He is the almighty God. He has life to give. Only God can give life. Jesus is God and Jesus can give life. More than that, Jesus has won for us the life he gives us. This is the center of all Christian doctrine. This is the truth that shines the light on every other bit of truth God has to reveal to us. The heart and center of the true faith is that Jesus has won for us eternal life and he gives this life to us freely as a gift. We don’t deserve it. We cannot earn it. He gives it to us in our unworthiness. The only way to receive it is to believe it. That’s what it means to keep his word. We believe it, hold on to it, and refuse to let it go.
The religion of niceness claims that to condemn the false religion of the Jews, the Muslims, the Mormons, the Buddhists, the Hindus, various animists and pantheists as well as freethinkers, agnostics, atheists, and others who reject the true Christian religion is wrong. All religions are of equal value. But all religions other than the Christian religion fail in what is absolutely essential. They cannot deliver from death.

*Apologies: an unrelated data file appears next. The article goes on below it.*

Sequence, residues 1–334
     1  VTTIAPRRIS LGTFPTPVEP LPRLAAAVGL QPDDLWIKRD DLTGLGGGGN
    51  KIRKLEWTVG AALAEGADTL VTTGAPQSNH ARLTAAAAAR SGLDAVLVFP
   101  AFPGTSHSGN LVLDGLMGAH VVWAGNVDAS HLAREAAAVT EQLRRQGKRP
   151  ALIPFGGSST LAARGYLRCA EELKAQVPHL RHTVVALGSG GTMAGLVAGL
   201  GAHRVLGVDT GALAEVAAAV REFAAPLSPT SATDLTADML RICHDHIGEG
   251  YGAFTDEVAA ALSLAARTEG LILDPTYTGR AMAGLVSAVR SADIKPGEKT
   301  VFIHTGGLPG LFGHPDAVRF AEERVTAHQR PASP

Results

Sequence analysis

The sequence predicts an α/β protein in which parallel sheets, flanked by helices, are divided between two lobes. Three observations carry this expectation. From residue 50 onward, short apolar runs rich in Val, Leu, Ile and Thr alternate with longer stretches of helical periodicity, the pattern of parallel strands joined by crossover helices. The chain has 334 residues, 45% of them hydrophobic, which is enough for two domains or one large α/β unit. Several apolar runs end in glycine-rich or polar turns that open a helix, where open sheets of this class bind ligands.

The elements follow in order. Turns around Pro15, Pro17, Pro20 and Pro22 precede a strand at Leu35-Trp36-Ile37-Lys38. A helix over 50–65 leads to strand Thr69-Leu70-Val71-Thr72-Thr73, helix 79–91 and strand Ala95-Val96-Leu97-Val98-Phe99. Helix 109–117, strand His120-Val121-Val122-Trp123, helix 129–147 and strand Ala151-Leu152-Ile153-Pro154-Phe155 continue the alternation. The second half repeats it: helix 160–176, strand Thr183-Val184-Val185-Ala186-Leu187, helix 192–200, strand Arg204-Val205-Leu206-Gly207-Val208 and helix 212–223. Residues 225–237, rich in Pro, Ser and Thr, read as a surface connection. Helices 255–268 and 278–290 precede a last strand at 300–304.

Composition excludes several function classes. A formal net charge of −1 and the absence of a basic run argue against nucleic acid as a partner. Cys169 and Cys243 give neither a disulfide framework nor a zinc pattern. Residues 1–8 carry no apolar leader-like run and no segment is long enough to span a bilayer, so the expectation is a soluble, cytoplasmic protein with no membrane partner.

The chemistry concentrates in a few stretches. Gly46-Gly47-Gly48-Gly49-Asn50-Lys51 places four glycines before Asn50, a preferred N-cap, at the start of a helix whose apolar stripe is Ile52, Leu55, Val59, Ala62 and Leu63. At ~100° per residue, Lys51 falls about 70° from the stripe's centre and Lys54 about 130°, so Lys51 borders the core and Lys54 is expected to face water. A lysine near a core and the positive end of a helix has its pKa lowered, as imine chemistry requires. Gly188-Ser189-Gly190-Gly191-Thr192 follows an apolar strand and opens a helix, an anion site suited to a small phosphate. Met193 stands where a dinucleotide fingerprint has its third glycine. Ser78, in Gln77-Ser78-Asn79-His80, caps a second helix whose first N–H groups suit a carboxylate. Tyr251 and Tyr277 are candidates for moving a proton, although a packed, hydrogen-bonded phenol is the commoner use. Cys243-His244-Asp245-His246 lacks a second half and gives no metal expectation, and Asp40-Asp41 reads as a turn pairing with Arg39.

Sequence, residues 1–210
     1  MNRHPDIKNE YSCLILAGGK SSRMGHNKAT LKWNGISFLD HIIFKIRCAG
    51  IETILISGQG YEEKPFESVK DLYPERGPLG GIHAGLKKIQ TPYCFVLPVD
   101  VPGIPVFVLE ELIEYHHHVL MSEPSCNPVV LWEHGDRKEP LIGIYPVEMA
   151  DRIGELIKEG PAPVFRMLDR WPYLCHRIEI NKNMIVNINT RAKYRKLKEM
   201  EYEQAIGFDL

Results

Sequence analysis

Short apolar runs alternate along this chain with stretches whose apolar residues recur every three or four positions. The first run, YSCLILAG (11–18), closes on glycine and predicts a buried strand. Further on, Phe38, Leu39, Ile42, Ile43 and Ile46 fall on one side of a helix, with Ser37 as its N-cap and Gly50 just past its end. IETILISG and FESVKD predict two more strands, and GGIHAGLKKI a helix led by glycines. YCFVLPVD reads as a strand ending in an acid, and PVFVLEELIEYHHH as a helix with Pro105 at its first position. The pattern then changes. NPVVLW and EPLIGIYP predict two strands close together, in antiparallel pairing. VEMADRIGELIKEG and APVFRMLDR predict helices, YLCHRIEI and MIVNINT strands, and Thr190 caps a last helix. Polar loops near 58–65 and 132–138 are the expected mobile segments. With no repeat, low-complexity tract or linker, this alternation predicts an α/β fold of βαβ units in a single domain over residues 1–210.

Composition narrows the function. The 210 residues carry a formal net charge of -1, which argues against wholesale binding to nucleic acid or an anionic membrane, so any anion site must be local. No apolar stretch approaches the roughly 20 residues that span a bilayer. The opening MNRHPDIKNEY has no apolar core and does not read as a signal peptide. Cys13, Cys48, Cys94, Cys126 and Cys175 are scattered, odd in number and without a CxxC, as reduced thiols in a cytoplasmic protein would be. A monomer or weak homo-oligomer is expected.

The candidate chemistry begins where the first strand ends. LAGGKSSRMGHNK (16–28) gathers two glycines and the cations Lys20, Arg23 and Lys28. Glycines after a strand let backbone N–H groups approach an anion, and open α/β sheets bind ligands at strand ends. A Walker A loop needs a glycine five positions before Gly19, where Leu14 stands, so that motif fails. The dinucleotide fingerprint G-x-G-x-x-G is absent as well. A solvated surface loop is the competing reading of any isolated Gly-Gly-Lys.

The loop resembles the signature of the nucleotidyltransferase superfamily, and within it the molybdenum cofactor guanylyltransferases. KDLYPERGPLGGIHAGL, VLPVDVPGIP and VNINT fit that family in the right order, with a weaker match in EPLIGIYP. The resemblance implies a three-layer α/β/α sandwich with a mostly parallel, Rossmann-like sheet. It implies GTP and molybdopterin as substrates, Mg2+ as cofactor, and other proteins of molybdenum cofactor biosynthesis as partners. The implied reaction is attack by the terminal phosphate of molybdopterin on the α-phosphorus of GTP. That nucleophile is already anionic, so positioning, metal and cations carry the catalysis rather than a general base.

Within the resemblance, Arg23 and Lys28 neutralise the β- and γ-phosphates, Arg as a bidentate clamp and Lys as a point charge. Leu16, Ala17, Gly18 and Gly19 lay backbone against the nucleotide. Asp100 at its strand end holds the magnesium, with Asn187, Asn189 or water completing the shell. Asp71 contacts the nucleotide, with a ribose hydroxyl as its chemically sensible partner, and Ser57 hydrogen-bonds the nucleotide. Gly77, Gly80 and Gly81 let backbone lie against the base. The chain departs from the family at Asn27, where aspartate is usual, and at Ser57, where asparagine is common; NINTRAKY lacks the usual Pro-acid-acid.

Jesus is the God become man. He is the only man who ever died for the sin of the world. He is the only man who bore in his own body the sins of all humanity. He is the only one obeyed perfectly. He is the only one who fully satisfied the demands of God’s law. And he did so by being more than nice. He loved with a pure and perfect love that was willing to bear all things for the sake of others in need. Jesus is the only one who raised himself from the grave. In short, Jesus is the only one who has eternal life to give. He alone earned it. He alone can give it. Whoever keeps his words shall never see death. This is why we hold on to his word for dear life and suffer nothing and no one to take it away from us. Amen